HROC (agency) - Kubota
Farminguk
29 July 2016 | Online since 2003
Auto Trader Ltd


20 August 2014 05:49:58|

Computers to protect crop harvests


Computer scientists are devising new and more efficient ways to spot diseased crops to help boost harvest yields.

Researchers are developing image processing and machine learning programs to discover disease on pictures of crop leaves and assess the severity of infection.

A new detection system could dramatically speed up diagnosis compared to the current time-consuming method of walking among crops, using visual observation and estimation to calculate the disease’s damage.

Novel diagnostic software could give growers more accurate information on which to base their disease control strategies and stop crop yields from being reduced by infection.

Dr Liangxiu Han, from the School of Computing, Maths and Digital Technology, is working with the Food and Environment Research Agency (FERA) on the six-month pilot study.

Dr Han said: “Plant diseases are a major foe to global food security, which have the potential to significantly decrease crop yields and increase post-harvest losses, especially in the face of climate change. Disease prevention and management are essential for the sustainability of our society.

“The diseased crops display leaves with different patterns - ‘yellow rust’ or septoria leaf blotch. It’s this yellow rust pattern we’re trying to detect. Current detection methods can lead to bias and inaccuracy, as well as being costly and time-consuming.

“The software will estimate the disease age and what percentage of the crop is infected, which can then be used for disease control to help protect crop yields.”

The pilot study began in July, and is funded by £50,000 from Sustainability Society Network and the Research Councils UK’s Digital Economy programme.

FERA, part of the Department of Environment, Food and Rural Affairs, monitors crop diseases across UK farmland and will provide large crop image databases for Dr Han’s research.

Dr Han will be analysing infected wheat crops for the pilot study.

Download

0 Comment

loginuserlogo
Name

Please enter your name


Email

Please enter your email

Please enter valid email


Comment

Please enter your comment


Post Comment

Your comment has been submitted successfully. Please wait for admin approval.


Comments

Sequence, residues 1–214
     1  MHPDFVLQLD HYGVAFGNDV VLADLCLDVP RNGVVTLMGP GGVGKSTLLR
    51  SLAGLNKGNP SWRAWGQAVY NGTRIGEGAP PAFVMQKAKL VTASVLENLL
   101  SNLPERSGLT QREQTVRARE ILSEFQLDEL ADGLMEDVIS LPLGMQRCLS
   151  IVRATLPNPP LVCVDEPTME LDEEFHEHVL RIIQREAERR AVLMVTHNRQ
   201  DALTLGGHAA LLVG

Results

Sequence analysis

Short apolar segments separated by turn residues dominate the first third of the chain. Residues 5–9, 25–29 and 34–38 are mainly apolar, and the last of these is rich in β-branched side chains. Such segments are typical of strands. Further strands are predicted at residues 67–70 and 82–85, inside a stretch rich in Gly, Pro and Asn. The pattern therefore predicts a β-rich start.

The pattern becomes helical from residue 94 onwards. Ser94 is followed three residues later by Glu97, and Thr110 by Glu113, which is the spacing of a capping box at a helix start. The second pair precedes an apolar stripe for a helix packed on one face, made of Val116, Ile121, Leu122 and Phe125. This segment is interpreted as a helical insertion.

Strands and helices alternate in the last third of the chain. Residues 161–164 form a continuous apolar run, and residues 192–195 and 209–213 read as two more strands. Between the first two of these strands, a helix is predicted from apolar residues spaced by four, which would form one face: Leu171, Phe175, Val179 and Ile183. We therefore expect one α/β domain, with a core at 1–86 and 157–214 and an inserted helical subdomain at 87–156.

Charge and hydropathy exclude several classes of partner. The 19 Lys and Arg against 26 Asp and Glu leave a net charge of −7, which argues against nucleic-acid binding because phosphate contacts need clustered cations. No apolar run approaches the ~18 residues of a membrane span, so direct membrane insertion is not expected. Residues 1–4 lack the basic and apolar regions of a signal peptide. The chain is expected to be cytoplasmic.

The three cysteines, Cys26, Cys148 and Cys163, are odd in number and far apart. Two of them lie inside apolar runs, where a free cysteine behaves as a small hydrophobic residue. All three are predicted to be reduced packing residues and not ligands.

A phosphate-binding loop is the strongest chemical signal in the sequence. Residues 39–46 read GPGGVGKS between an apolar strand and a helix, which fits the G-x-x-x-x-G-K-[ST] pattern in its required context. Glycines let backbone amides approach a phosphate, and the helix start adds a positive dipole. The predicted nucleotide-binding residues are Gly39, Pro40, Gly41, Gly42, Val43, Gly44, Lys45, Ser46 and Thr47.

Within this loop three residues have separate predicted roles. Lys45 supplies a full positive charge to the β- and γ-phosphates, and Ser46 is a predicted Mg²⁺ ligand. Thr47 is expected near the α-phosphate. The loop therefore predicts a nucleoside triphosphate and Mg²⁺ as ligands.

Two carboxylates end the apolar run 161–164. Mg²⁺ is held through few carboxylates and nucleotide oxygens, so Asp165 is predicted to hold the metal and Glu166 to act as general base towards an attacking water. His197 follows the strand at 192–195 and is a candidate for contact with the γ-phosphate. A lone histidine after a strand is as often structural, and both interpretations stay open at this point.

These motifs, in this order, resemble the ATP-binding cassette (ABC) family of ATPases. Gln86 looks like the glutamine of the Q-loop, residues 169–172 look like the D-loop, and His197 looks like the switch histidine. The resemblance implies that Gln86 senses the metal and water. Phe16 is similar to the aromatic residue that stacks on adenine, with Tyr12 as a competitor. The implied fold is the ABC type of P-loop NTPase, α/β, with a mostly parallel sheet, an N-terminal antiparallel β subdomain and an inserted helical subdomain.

No comments posted yet. Be the first to post a comment


Russian Federation | 28 July 2016
Sanctions were not discussed directly with German agriculture minister - Russian minister

Lifting of sanctions and counter measures was not discussed directly during the meeting with German Minister of Food and Agriculture Christian Schmidt, Russian Economic Development Minister Akexey Uly...


India | 28 July 2016
India's farmers seize offer of free registration of land sold on 'plain paper'

When the Indian state of Telangana announced a three-week window for free registration of land that had exchanged hands via handwritten notes on plain paper, the offer triggered more than a million ap...


France | 28 July 2016
France to support grain farmers after crops hit by weather

France will help grain farmers cope with an expected plunge in revenue after torrential rain and a lack of sunshine in late spring hit the country's cereal crops. First results of the still ongoing...


Australia | 28 July 2016
Triple target to transform agricultural education in Australia

The United States' framework for agricultural education is inspiring Australian educators to call for a transformation in schools. The 2015-16 winners of the prestigious Hardie Fellowship, Andrew H...


China | 28 July 2016
Chinese company majority investor in $200m Southland dairy plant

A state-owned Chinese company is investing in a Southland company to build a $200 million dairy processing plant with the promise of creating 100 new jobs. Mataura Valley Milk has announced China A...



Trending Now

Viewed
Discussed


Top stories you may have missed
closeicon
Username
Password